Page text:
FDA Panel Advised Against ALS Drug, Cites Moral Injury

This story is near and dear as I have ALS and it invokes moral injury. In advising against US approval one panelist cited moral injury saying:

Creating false hope can be considered a moral injury and the use of statistical magic or manipulation to provide false hope is problematic.


Let’s unpack that. For one, all trials involve statistics, there’s nothing magical about them. Can they be manipulated? Of course, if you eliminate outliers for instance, you can move the numbers significantly. That though would be fraud, which is not alleged here. Can results be not statistically significant? Yes. Or results not be repeatable? Again, yes. For instance, psychological studies are notorious for not being repeatable. Why? Because they are based on subjective observation. Which leads to my next point.

All ALS progression is measured by subjective observation and aided by questionairre. Many questions are ambiguous. For instance, one of the questions is can you pull covers up yourself? This is problematic, what type of cover: sheet, blanket, duvet? It doesn’t specify so different people can refer to different things.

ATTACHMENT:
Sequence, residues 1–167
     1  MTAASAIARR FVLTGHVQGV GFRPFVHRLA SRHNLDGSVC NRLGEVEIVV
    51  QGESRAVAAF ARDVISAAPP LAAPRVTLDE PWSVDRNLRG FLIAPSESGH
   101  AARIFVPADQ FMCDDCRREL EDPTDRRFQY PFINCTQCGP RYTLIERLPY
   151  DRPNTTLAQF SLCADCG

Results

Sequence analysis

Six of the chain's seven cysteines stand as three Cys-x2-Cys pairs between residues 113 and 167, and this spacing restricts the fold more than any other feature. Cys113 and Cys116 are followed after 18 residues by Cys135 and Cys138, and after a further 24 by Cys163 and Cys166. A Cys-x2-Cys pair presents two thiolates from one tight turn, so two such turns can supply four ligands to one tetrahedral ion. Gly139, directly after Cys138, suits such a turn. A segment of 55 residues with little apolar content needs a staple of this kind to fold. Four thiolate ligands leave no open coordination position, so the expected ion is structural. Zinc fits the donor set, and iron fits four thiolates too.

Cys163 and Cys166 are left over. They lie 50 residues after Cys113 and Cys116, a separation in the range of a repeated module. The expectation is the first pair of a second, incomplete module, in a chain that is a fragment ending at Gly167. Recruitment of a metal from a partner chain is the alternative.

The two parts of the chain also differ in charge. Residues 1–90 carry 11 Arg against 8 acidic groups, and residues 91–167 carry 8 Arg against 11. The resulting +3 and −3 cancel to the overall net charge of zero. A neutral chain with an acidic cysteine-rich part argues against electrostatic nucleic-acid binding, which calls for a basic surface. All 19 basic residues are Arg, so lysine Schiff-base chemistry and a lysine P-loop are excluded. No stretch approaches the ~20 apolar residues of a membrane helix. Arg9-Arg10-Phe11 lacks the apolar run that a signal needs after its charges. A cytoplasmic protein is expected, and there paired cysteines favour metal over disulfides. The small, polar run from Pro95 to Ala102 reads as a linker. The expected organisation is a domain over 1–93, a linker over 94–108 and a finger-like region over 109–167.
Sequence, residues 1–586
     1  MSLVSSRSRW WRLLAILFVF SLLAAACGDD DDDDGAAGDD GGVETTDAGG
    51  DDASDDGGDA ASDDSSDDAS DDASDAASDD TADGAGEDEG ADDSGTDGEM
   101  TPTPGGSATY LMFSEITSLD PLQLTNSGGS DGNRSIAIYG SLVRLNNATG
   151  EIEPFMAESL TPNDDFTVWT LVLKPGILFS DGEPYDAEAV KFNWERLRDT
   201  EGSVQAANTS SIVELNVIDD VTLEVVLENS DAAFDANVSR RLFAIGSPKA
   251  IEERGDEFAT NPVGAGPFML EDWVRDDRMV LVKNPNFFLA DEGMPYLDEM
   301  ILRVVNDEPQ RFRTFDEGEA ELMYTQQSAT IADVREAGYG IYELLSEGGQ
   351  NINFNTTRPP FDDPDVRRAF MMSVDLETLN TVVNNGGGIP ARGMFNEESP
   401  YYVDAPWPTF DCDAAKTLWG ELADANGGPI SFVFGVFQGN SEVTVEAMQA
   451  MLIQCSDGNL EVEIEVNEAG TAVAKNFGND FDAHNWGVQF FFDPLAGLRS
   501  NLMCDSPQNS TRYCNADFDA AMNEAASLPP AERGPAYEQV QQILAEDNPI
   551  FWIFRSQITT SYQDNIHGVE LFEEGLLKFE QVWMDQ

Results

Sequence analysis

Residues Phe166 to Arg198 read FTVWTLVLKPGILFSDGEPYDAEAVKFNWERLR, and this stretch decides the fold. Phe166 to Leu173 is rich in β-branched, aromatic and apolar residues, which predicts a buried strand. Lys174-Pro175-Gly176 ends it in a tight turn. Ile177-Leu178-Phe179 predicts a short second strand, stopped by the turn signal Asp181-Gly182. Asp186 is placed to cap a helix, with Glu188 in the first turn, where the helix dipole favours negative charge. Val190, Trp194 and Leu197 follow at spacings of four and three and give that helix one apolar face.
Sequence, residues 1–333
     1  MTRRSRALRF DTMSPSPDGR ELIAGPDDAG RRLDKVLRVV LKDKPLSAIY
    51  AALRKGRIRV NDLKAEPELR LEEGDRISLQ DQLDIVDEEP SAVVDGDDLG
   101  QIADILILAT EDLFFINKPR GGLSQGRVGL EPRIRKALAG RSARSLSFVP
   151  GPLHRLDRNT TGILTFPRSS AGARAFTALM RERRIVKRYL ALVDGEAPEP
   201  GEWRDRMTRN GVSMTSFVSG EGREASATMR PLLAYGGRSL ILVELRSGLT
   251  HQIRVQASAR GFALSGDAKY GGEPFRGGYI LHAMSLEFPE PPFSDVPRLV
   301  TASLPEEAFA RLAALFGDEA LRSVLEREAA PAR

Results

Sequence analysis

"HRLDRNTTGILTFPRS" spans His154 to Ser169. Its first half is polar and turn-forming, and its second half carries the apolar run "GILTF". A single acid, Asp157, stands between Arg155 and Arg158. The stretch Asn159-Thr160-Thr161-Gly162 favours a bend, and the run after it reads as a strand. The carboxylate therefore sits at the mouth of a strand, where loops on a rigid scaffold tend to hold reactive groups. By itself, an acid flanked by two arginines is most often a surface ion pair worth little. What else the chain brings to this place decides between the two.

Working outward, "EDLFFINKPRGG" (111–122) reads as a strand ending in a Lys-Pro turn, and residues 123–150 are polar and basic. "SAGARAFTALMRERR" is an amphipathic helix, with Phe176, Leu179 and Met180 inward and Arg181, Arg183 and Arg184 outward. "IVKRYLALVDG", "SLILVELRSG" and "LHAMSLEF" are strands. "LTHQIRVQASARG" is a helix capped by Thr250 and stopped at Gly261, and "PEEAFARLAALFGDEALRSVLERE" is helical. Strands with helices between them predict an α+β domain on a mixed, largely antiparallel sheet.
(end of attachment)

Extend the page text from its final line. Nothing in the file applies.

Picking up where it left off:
Another example is the arguably more objective lung function test. They sound objective but really aren’t. The tests are subject to which type of mouthpiece is used and how much coaching the technician administering gives. My own experience is illustrative. I had two tests three weeks apart. In the first test they used a round mouthpiece and the technician wasn’t clear about where I should place in mouth. In addition, because my ALS was bulbar onset, I already had issues with sealing my lips. That resulted in a reading of 50 percent lung capacity. The one that followed was administered with a football shaped mouthpiece. This result was 67 percent. Quite a variation! And with a progressive disease I didn’t gain 17 points.

The bottom line is that there are no real internal chemistry markers for diagnosis of ALS. So unlike other diseases where FDA will grant marketing go ahead for statistically insignificant results because there’s a biomarker change that is improved, with ALS that doesn’t apply.

All that aside, the glaring hole that our intrepid bioethicist quoted above is what gives anyone the right to restrict a 100 percent fatal disease patient from trying anything,? That’s the real moral injury that she conveniently fails to ponder.
I leave you with this quote, Even if it’s just placebo effect:

When Matt is on Nurown it helps him, when he’s off of it he gets worse,” said Mitze Klingenberg, speaking on behalf of her son, Matt Klingenberg, who was diagnosed with ALS in 2018.


Food for thought, average life expectancy is 3-5 years from first symptoms, Matt on this drug is at 5 and alive, I’m at 3.5. You decide.

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